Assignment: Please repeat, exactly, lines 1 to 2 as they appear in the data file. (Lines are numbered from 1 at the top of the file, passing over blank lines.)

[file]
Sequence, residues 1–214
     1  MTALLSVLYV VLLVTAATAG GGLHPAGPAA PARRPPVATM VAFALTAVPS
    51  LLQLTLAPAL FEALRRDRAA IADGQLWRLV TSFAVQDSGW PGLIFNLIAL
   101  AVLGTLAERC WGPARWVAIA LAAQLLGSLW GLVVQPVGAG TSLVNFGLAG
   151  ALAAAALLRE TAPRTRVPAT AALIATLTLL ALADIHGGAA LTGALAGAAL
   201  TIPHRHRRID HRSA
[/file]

Sequence, residues 1–214
     1  MTALLSVLYV VLLVTAATAG GGLHPAGPAA PARRPPVATM VAFALTAVPS